American Poets: Michael Earl Craig

by lizard

When I stopped in to Shakespeare & Co. last weekend, I was surprised to see a new book of poems (titled Thin Kimono) by Montana author Michael Earl Craig. As I was purchasing the book I asked Garth if Michael would be reading any time soon from his new collection. Apparently the reading had already come and gone. Boo. But I was glad to hear the reading was well attended.

Since publishing his first book Can You Relax In My House with Wave Books in 2002, Michael Earl Craig has become something of a fascination in the local literary scene. Put simply, he’s a strange dude—a tall, lanky man who makes his living shoeing horses in Livingston, Montana, Craig is the antithesis of the stereotypical poet. And his poems? Well, the label that most accurately approaches the oddness of his poetic work is Surrealism, but in one of the new poems Craig (sort of) addresses what he thinks about the label that’s been most closely associated with his poetry:


The nitwit danced with the congresswoman
at the spring picnic.

I went down to the river to take a good look at it.
I stood on the bank and said “God, if you do exist—”

A handsome puppet passed, dragging its puppeteer by the hand.

Also a Pekingese wearing a University of Mobile sweatshirt.

To those people who are always talking about “surrealism”
can I suggest opening your fucking eyes?

If you do this, you will see mothballs. And a green nightgown.


Craig’s poems are difficult if you try to extract discernible meaning from them. Instead you have to accumulate sometimes disparate impressions and reflect on the resonance they create placed next to each other. Here is another poem from Craig’s new collection:


I don’t know how to behave but
I know what I believe. I believe
That if I stick my head in the oven
I won’t take it out. I believe in
Corduroy couch cushions. I believe
in digging a tunnel with a small
silver spoon. I believe in tunneling
with this spoon under the city
and never giving up.
I believe in after-breakfast naps
and Russian roulette—
Russian roulette while eating ice cream
as I watch the evening news.
I believe in the evening news.
And I believe in celebrity.

I believe in those photos
on the web of Putin playing doubles
Ping-Pong, outdoors, in his Speedo.
(Find those.) I believe in haircuts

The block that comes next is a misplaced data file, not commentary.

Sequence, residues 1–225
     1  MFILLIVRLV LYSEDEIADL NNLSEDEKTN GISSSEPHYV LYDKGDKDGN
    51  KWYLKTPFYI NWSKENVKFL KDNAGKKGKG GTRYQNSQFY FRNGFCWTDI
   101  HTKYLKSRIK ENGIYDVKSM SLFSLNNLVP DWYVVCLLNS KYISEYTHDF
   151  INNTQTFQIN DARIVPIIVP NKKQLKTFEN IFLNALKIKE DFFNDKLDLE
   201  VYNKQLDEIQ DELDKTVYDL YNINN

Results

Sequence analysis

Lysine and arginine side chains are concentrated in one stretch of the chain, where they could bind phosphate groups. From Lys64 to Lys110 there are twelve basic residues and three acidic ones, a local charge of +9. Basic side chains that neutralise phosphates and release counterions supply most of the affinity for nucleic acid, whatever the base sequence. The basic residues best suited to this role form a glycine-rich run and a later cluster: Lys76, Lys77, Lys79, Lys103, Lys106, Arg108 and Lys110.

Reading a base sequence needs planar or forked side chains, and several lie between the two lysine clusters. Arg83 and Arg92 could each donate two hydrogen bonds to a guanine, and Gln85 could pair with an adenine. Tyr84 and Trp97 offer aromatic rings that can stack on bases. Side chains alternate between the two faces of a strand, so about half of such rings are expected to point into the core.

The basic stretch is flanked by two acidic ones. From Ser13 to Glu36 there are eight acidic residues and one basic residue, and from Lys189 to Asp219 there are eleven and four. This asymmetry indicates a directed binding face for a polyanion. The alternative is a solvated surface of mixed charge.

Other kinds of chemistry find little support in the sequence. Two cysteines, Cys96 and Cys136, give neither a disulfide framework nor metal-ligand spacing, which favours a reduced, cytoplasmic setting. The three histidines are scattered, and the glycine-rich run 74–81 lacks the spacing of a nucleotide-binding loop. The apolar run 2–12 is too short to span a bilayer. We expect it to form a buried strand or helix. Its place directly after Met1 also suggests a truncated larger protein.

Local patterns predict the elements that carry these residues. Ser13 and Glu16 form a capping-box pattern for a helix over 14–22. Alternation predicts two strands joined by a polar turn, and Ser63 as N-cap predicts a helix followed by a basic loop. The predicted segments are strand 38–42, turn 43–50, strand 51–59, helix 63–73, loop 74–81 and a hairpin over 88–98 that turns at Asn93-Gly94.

and bubble gum, and putting my face
down into a pillow or cushion,
and that when I do this I will see
the future, plus other cultures, most
of them, and I’ll get work done
that couldn’t be done another way.

I believe in tacos and mortification.
I believe that all people fall
into one of two categories: Doonesbury or Farside.
Well, or Andy Capp. Andy Capp type people.
They’re everywhere.

Michael Earl Craig is weird, and that’s a good thing. It would be easy to write him off because of this, though, and that would be a mistake. By weaving his strange impressions of our culture and our world he illuminates the absurdity that does exist everywhere, like Andy Capp type people. The image of Putin, for example, is totally ridiculous, but pictures of Putin shirtless riding a horse have been seriously reported on the evening news (the news that Craig believes in).

Absurdity is everywhere. Craig offers his unique window into how he processes these absurdities and uses them to produce bizarre poems where anything can happen. It would be worth your time checking him out.

  1. kathleen

    There is NOTHING quite like hearing Earl recite (which seems like the wrong word … Perform?) “Hand Polished”
    2 of us laughed to tears at this poem at an old reading at Shakespeare and then noticed everyone else … Oh so serious … Listening intently. He didn’t mind. Was bemused. Said “I never know how my writing will affect people.””Hand Polished,” with its waitress annoyed at the customer is a favorite as is the whole book “Can You Relax …” Look for him at Book Fest, he said, though I don’t see him on official schedule.

    • lizard19

      kathleen, were you at the touring reading series that happened up Butler Creek five or six years ago? when i first arrived i found out there had been a car accident, and i remember talking to Michael after the readings were done, and he sort of embarrassingly admitted the guy who sped off the road and hit a tree was a friend of his.

      it was one of the best overall poetry readings i had ever attended.

  2. if there is one thing i like most about michael earl craig’s work it is that it is uncategorizable. i see legions of asst profs and graduate mfa’s in complete confusion.

    this pleases bears

  3. lizard19

    i updated the post to include a video of Craig reading at Butler Creek.

  4. Lincoln74

    Check out local poet Dave Thomas

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